Monday, October 12, 2009

New Review Posted/Thoughts on Rosencrantz and Guildenstern

So Centerstage has posted my review of Red Tape Theatre's Mouse in a Jar here. It's a flawed piece that, despite some really interesting work, never quite grabbed me, but it features a really exceptional set by William Anderson. (The set will apparently be the focus of a panel discussion on the Theatre Thursdays night on the 22nd.) After this and his nifty work on Profiles' Graceland (which is STILL running at National Pastime just down the street from Profiles), he's clearly on his way to big things. I'm excited to see his next design! The text of the review is at the end of this post.

Also: on Thursday night, I went to the press opening of Rosencrantz and Guildenstern Are Dead at Writers' Theatre. (For those not familiar with it, the play follows two famous nonentities in Hamlet as they try to figure out a world that makes no sense to them. It's deeply indebted to Beckett in the exploration of two lost souls trying to understand a hostile world, but the dazzling wordplay is all Stoppard. This was his first major play, and he would develop the wordplay and intellectual brilliance even further in his extraordinary work that followed.) I was not on the job, but there as a guest of my wonderful friend Meredith, who works in the box office. (Cathy Taylor, the PR person, was relieved when I told her this, as I was not on her list and extra tickets were not easy to find in a 108 seat theatre.)

It's a very strong production, with excellent work from Sean Fortunato (as Rosencrantz) and Timothy Edward Kane (as Guildenstern). They have great chemistry together. One interesting choice that director Michael Halberstam made, which I'm not sure I agree with, had to do with the character of the Player, entertainingly played by Allen Gilmore. Most productions see him as a slightly menacing figure, who knows something R and G don't--and may even have some control over their fates. In this production, he's played more as an old ham who is more experienced with, and more at peace with, the world in which he moves. It's an interesting idea, and certainly well-executed, but it may take something away from the show.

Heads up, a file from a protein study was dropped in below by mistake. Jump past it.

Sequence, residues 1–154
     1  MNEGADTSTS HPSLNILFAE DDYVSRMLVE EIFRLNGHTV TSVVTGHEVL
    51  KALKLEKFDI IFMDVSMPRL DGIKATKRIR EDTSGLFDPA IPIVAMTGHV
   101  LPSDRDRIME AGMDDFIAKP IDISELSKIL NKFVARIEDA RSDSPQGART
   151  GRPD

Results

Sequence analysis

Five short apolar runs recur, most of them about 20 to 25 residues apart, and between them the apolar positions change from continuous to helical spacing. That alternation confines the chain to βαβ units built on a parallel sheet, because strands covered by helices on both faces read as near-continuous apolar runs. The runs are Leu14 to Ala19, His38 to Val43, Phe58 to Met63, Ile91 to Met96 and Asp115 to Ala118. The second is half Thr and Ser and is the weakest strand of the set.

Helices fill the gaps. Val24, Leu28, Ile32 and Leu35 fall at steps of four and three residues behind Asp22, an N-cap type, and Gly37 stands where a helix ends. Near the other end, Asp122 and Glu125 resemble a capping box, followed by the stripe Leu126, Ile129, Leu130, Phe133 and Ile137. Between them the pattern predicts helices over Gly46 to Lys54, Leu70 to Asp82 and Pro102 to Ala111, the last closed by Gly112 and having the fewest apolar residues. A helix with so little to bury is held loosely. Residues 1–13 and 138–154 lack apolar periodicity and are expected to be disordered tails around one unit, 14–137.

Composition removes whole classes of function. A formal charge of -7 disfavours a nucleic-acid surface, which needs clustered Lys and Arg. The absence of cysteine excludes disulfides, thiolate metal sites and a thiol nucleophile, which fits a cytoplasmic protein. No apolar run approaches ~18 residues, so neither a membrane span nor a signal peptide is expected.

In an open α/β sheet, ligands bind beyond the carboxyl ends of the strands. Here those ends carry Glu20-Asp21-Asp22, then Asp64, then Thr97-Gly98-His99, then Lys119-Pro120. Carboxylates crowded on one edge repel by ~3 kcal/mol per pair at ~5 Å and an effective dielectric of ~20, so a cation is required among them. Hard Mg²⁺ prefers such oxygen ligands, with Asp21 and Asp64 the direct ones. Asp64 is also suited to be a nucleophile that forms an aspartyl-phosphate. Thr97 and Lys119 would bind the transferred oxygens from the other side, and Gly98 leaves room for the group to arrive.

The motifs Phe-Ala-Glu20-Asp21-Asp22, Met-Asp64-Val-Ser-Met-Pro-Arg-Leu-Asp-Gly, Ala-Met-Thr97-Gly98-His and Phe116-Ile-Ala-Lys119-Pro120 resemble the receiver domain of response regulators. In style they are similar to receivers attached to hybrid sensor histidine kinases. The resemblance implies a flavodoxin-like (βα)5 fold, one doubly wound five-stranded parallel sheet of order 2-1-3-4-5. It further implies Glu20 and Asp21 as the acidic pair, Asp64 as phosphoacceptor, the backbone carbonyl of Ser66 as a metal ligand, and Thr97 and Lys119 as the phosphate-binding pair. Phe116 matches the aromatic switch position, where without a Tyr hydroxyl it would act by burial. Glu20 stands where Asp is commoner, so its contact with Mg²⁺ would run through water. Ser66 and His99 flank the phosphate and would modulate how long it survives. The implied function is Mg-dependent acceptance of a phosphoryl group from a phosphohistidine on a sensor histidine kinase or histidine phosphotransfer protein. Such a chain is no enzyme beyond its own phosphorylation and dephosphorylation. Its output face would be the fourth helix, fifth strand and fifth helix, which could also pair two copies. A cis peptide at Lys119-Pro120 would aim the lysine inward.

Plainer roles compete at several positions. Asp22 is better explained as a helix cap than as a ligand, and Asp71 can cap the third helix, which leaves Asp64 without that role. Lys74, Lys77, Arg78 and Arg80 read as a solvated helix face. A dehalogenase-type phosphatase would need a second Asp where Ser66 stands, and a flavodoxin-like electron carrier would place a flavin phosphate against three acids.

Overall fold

The rest of the cast does strong work, and I really liked the designs. (Collette Pollard's clever set is particularly notable, but all of the design elements work together uncommonly well.) The night I saw it, though, it was just a few degrees short of brilliant. I don't know if it was low on energy, a little tentative, or what, but many moments didn't quite have the vividness and follow-through they needed to be exceptional. Still though, I'd definitely recommend you see it--it's a great play, and a very satisfying, funny, and involving production.

One question I had after seeing it--are there several versions of the script out there? This was a three-act play, but when I appeared in the show in college, there were only two acts in the script--and a few lines I distinctly remember from the production I was in were not in this version. Does anyone know if this was the choice of the production or due to multiple editions of the play?

By the way, this is my 100th post. That's a nice round number, though when you consider I've been doing this for over a year, it works out to an anemic post average of 1.75/week. Ah well, quality over quantity?

Here's the Mouse in a Jar review:

It's rarely good news to leave a production talking about the scenery, but then again William Anderson's set for Red Tape Theatre's "Mouse In a Jar" is really extraordinary. The audience descends a staircase into a basement filled with detritus, and is seated in chairs in two corners of the space. There is no escape from the overwhelming environment, or the inches-away action. If the script and production lived up to the set, "Mouse In a Jar" would be exceptional.

Martyna Majok's script tells the grim story of Ma (Kathleen Powers), an illegal Polish immigrant, and her daughters Daga (Tamara Todres) and Zosia (Irene Kapustina), who live in a New Jersey basement. Every night at nine, Ma's husband, known only as HIM (Don Markus, in a truly creepy mask by Sarah Bendix), comes home to brutally beat and rape her. After attempting to defend her mother, Zosia disappears, and Ma is unwilling or unable to run away from HIM's brutality. Daga eventually takes matters into her own hands in a particularly extreme way, with the help of the frightened Fip (Ben Gettinger), who has a dark history of his own.

Majok uses language in fascinating way, and director Daria Davis has created some stunning images, but despite the physical proximity, the audience is always at an emotional remove. As a result, the play is only intermittently scary or involving. It's hard to pinpoint a culprit, though the fact that the realistic and stylized elements of the play don't mesh convincingly is a serious problem. Additionally, the combination of an echoing space and Polish accents make portions of the dialogue hard to understand.

Majok is a playwright worth following and there's a lot of worthy work onstage — it just hasn't yet gelled into a compelling play. I'm still interested to see what's next from Majok and Red Tape.


Kris Vire said...

My copy of the R&G script, a dogeared 1978 edition, is in three acts.

Monica said...

The copy of the script that I have sitting on my bookcase, which is a fairly recent printing, has three acts.